Higgins Alley, Missoula
Every step of the way, owner Jeff Readman honors Zimorino’s, the beloved Missoula institution that Higgins Alley replaced.
“Zimorino’s was more than a restaurant to people here; it was a part of the community for more than two decades. Since then, we’ve been pleasantly surprised by how well we’ve been accepted,” says Freadman, who works four nights a week in the kitchen as the restaurant’s head chef.
Readman moved to Missoula in 1993. In 1998, he left to attend Tante Marie’s Cooking School , a private culinary institute located in San Francisco . Freadman found the school’s small class sizes and intensive nature (students prepare food together under the tutelage of the chef or cooking teacher) beneficial to his needs as a chef.
“That year, I learned the meaning of professionalism and I honed my skills. Most of the new dishes at Higgins Alley are based on my knowledge of food and training, and incorporate professional techniques I acquired from Tante Marie’s,” says Freadman.
Higgins Alley, Missoula Italian Restaurant
In 2004, Freadman signed the paperwork to purchase Zimorino’s. Still, many locals mistakenly refer to his restaurant by its former name, or they innocently call Higgins Alley “that brand new place.” These situations hardly irk or irritate Freadman.
“We still get phone calls asking for Zimorino’s, but that’s fine. For six months after I took over the place, I kept the old name and the exact menu, that’s because I didn’t want to alienate people.”
In March 2004, Freadman closed the restaurant for two months in order to have new carpeting installed, to have the kitchen remodeled, and to remove partition walls, in an attempt to create the impression of greater spaciousness.
Today, Higgins Alley epitomizes the vibrant and enjoyable Missoula dining experience – informal, mellow, buoyant, family friendly, not exclusive to an age group or a particular mode of dress.
“When you come here you can opt to spend $12 or $30 a person. We have a comfortable price range. You can wear a suite and tie or come in jeans. People should feel comfortable here, and are made to enjoy the atmosphere and the ambience. “
Readman’s philosophy as a restaurant owner is simple: quality control and fresh ingredients are key. “We don’t buy prepared foods. Pastas, breads and desserts are all made in-house daily. Nothing here is pre-assembled, or premade, and everything is cooked to order,” says Readman.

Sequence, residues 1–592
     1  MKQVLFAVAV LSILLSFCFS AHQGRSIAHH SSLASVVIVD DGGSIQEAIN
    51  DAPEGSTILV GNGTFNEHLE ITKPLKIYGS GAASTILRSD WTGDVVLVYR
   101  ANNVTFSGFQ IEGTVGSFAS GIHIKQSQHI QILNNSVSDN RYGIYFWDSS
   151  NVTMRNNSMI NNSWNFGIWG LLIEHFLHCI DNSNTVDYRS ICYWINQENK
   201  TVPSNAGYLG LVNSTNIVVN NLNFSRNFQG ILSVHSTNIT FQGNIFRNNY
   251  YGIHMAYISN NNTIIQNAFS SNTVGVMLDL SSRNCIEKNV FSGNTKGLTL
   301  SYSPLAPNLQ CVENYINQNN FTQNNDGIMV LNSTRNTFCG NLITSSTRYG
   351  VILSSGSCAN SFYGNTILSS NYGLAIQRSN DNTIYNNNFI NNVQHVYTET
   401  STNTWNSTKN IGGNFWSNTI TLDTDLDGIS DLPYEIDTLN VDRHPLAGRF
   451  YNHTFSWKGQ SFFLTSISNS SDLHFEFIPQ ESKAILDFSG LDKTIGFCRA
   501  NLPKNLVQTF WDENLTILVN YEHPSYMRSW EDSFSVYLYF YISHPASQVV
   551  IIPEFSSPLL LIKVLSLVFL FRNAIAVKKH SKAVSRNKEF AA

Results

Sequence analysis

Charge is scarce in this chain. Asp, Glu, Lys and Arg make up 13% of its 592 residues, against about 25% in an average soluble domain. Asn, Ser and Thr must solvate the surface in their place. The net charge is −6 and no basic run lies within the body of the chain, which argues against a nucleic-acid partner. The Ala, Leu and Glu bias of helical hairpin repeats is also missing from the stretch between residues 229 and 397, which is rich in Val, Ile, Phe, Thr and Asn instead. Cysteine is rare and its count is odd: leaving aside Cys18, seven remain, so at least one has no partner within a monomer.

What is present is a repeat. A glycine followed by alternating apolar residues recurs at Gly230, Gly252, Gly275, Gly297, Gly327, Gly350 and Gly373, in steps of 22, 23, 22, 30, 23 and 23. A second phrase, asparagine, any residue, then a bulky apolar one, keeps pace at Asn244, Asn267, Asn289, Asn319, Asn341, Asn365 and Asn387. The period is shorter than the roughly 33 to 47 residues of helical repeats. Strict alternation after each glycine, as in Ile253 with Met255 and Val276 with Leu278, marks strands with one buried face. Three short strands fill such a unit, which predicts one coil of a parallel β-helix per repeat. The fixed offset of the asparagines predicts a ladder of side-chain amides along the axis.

Higgins Alley, Missoula, MT
At Higgins Alley, patrons get a robust slice of neighborhood Italian, New York style, transferred, in a sleeker format, to the heart of Missoula ’s laid-back downtown district atmosphere.
“I love being downtown. This is the best spot, the four corners area (of Higgins and Spruce). It keeps us busy, and I love the building we’re in. I can’t picture us being anywhere else in Missoula .”
Offering multiregional Italian dishes served in a casual, dimly lit, old-fashioned setting to the strains of light music and chatty conversation, Higgins Alley radiates warmth and sentimentality. The restaurant’s hardwood oak bar is stocked with an ambitious variety of Italian wines, with enough interesting choices to suggest a favorite local hangout is in the making.
Freadman is glad that he and his restaurant have successfully developed a cordial rapport with the local community. For him, hearing the kind and favorable comments of his customers, makes the effort of providing delectable dishes and pleasing recipes worthwhile.
“I’ll tell you: I’ve heard how hard it is to run a restaurant, and it’s all true. It’s an around the clock job. But, after seeing people have fun here and enjoying themselves, those things really don’t matter.”